July 24, 2017

Replacement of Williston’s state police barracks a low priority

Alternate locations for the Williston barracks of the Vermont State Police are being considered in Richmond and Milton. (Observer photo by Luke Baynes)

By Luke Baynes

Observer staff

The Vermont State Police hosted a public forum at its Williston barracks on Dec. 5 to gather feedback and answer questions about the long-term plans for the 52-year-old facility on Vermont 2A.

One Richmond resident attended the 6:30 p.m. meeting. No Williston residents showed up.

As the Observer reported in June, the state police, in conjunction with the Vermont Department of Buildings and General Services, is in the process of conducting a $50,000 feasibility study for the potential replacement or consolidation of barracks in Bradford, Brattleboro, Middlesex, Rockingham, Rutland, St. Johnsbury, Shaftsbury and Williston.

At the Dec. 5 meeting, Capt. Glenn Hall, who serves as state police commander of Troop A (Williston, St. Albans and Middlesex), said the Williston barracks is in better condition than most of the other facilities and is thus low in the pecking order for replacement.

“The Williston barracks is not high on the priority list as far as replacing the eight barracks that we need to replace,” Hall said. “There’s certainly other barracks that need replacing much quicker than Williston.”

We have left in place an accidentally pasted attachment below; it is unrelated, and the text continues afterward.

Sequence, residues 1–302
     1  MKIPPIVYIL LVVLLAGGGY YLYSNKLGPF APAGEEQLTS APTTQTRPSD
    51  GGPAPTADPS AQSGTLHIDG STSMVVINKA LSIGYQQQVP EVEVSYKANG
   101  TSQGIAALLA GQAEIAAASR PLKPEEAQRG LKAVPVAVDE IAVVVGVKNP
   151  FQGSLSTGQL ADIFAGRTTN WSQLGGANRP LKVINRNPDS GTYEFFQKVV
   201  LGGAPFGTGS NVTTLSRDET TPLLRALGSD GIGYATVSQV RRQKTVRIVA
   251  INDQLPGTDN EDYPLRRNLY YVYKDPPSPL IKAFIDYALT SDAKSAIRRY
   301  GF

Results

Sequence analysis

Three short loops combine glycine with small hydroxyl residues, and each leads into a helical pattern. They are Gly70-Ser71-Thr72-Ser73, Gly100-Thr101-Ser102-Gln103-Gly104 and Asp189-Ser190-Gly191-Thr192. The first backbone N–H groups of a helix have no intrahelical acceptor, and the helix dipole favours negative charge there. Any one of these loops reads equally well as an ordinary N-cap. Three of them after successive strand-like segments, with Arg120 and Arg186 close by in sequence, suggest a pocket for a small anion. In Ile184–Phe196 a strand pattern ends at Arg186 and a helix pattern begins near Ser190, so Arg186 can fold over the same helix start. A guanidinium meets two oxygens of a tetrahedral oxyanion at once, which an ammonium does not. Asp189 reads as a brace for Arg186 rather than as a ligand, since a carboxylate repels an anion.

Hall noted that 10 potential sites for a new facility to replace the Williston barracks have been identified in Richmond and Milton. He said Richmond is the preferred location because of its proximity to towns without municipal police departments that the state police serves, such as Jericho and Bolton.

“I think the best location for the Williston barracks is probably somewhere in the area off the Richmond exit (of Interstate 89),” Hall said. “We need to have access to the interstate to cover the area that we cover.”

Maj. William Sheets, executive officer for the state police, said it could be quite some time before the Williston barracks is relocated.

“The fast track here literally could be 8 to 10 years (as) the fastest I could envision this being built. It could be as far out as 15 to 20 years,” Sheets said.

Comments

  1. tcoletta says:

    almost 3 decades ago when williston started it’s development review process the public works section was pushing for a wider roadway typical for residential streets. The town adopted 30 ft widths vs 24ft. That’s 6/24 (30%) additional impervious area and runoff that needs to treated before flowing into ALLEN BROOK. The town and selectboard have indicated a lack of interest to reach out and help communties like mine that have had expired stormwater permits for more then a decade. Its always been a wait and see, well I see where this headed now.

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